Monday, September 11, 2006

The Boy Who'd Never Grow Up

Neil, in Bangla, means blue, the colour of the sky-the colour of freedom. But the Neil I know doesn't know what freedom tastes like. Neither does he know the taste of phucka, or golgappa as it is known in other parts of the country. For he has to remain home all day long-because he is different from the other kids of his age; because, as the naturally vague and bombastic doctors like to put it, he suffers from a rare mental disorder, one that wouldn't let him grow up mentally. He is destined to be Peter Pan, the boy who never grew up, only that he never opted for it voluntarily.

Being with him is like keeping a date with innocence - except that you feel sorry, paradoxically somewhat that the innocence would never end. His life is simple; apart from the routine daily chores that he goes through, often with a grumble, his life revolves around music, his small rubber football and a comb that he always carries with him, although I never quite managed to find out why.

His repertoire of Hindi films and Hindi film music is astonishing. One just has to sing the first line of a song and he would excitedly shout out the name of the film- an accomplishment that brings him much pride in his otherwise uneventful life where people either view him with sympathy or with curiousity, but seldom with respect.

His other pastime is the rubber ball, or rather the catching of it, a game he plays with anyone who visits him. And every time he manages to catch the ball or his opponent fails to do so, he bursts out in peals of laughter- a vociferous appreciation of his own triumph.

I have always been amazed by his knack of connecting to people instantly. Probably, it is one of the few advantages of not growing up, since he does not need to calculate the gains that he may derive from his associations. Every time we meet, he shakes my hands warmly, a gesture of courtesy that the grown-ups in the family have probably taught him. And, as he shakes my hand and smiles beamingly, he squints his eyes. Every time, it makes me wonder what goes on in the inner chambers of his mind.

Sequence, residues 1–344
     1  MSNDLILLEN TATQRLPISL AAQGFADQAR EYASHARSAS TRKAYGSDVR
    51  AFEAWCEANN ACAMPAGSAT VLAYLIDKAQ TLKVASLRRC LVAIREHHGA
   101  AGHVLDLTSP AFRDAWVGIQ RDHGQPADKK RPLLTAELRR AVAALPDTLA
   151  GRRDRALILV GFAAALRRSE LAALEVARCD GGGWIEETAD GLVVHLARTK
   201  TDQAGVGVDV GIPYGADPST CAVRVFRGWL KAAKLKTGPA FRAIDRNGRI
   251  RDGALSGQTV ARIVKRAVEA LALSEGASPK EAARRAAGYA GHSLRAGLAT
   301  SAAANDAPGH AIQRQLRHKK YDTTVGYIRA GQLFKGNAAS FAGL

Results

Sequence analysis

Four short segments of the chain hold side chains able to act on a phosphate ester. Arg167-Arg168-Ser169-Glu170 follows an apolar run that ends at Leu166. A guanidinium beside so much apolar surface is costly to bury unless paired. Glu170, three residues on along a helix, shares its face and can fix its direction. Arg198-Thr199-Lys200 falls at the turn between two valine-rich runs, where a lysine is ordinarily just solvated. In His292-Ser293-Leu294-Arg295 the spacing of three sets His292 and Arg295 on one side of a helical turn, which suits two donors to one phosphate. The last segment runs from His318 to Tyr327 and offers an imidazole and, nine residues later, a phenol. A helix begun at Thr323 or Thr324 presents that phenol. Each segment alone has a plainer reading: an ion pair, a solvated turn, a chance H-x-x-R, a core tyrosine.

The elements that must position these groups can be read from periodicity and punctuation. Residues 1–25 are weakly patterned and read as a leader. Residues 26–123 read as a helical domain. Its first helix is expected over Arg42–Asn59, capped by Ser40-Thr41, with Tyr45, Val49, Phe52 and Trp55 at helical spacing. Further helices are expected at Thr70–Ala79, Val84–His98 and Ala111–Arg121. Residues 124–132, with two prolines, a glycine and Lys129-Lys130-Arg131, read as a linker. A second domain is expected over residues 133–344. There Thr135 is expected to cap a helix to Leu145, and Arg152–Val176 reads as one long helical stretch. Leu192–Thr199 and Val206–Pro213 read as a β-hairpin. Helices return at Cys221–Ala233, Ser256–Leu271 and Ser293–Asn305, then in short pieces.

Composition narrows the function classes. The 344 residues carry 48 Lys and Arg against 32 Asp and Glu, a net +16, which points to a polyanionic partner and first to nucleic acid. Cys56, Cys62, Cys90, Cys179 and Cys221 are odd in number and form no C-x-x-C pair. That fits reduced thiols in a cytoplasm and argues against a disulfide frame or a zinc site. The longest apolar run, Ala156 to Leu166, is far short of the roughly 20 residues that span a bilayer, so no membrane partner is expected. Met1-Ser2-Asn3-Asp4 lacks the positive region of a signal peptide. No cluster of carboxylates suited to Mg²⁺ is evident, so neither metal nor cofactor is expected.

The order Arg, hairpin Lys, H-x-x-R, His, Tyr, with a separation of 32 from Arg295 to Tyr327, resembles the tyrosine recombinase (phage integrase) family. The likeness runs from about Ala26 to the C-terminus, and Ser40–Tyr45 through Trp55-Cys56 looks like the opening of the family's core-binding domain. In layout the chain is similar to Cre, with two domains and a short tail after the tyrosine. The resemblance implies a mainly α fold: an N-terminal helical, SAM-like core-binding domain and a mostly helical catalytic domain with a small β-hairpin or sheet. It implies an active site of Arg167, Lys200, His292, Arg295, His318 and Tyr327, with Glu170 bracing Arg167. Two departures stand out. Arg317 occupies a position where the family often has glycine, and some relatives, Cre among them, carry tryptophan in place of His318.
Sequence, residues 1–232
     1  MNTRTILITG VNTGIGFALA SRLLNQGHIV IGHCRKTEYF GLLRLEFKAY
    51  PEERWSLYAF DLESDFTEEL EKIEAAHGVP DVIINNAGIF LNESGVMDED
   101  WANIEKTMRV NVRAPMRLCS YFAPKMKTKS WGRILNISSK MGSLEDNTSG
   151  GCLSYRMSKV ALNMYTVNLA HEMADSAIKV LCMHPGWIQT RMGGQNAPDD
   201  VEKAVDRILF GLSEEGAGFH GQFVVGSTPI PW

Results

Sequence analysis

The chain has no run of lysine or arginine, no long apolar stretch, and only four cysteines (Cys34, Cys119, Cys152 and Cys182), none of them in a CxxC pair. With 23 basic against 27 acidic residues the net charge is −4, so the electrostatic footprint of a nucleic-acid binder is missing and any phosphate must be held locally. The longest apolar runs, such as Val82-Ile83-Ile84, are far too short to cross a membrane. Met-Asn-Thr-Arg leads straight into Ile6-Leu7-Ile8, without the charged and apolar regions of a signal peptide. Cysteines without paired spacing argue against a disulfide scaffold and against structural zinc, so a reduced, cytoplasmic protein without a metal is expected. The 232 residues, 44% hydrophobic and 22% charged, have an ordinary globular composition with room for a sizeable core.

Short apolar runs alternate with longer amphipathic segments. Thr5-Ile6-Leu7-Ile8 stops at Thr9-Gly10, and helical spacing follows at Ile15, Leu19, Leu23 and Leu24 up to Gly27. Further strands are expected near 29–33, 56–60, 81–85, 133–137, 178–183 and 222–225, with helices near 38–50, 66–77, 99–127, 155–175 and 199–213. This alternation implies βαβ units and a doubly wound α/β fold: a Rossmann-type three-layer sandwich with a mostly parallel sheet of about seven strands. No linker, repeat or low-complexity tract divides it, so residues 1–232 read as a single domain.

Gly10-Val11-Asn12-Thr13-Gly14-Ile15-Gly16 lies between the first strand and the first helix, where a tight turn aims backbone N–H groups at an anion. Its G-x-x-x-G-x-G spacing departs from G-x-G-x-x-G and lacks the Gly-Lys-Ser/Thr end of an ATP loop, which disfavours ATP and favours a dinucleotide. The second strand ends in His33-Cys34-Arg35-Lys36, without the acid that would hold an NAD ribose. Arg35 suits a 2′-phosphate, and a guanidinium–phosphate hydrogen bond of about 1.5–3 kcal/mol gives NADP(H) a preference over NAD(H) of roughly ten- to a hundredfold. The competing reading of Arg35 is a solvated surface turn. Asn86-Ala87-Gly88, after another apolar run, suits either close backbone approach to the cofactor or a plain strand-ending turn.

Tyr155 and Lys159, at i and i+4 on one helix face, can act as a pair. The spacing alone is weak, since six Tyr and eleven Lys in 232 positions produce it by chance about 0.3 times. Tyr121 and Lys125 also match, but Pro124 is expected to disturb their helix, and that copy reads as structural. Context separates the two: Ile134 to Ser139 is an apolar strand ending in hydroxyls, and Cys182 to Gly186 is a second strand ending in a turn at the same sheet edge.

Now, how a grown-up thinks never interests me much- unless the grown-up is someone like Einstein or Tagore. For, chances are, the grown-up would think like me, considering things rationally with the occasional irrational and illogical behaviour. Of course, in my case, how often I think rationally is a matter on which opinion is widely divided.

But Neil’s mind is different; his thoughts are simplistic, but not simple. How does he feel when he sees others leave for work every day? What thoughts surround his mind when he stares out of his window into the street, where people walk by and the rains cause the gutters to overflow? I know that he doesn’t think the way a child would; he is sixteen now and one can almost feel the difference that the years have brought in his thought process.

I never feel sorry for Neil; rather, I feel sorry to be in a world where he is an aberration rather than being the norm.

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Blogger Rajk said...

Not just a nice post, man, but also the kind of post that only a nice guy can write.

9:26 AM  

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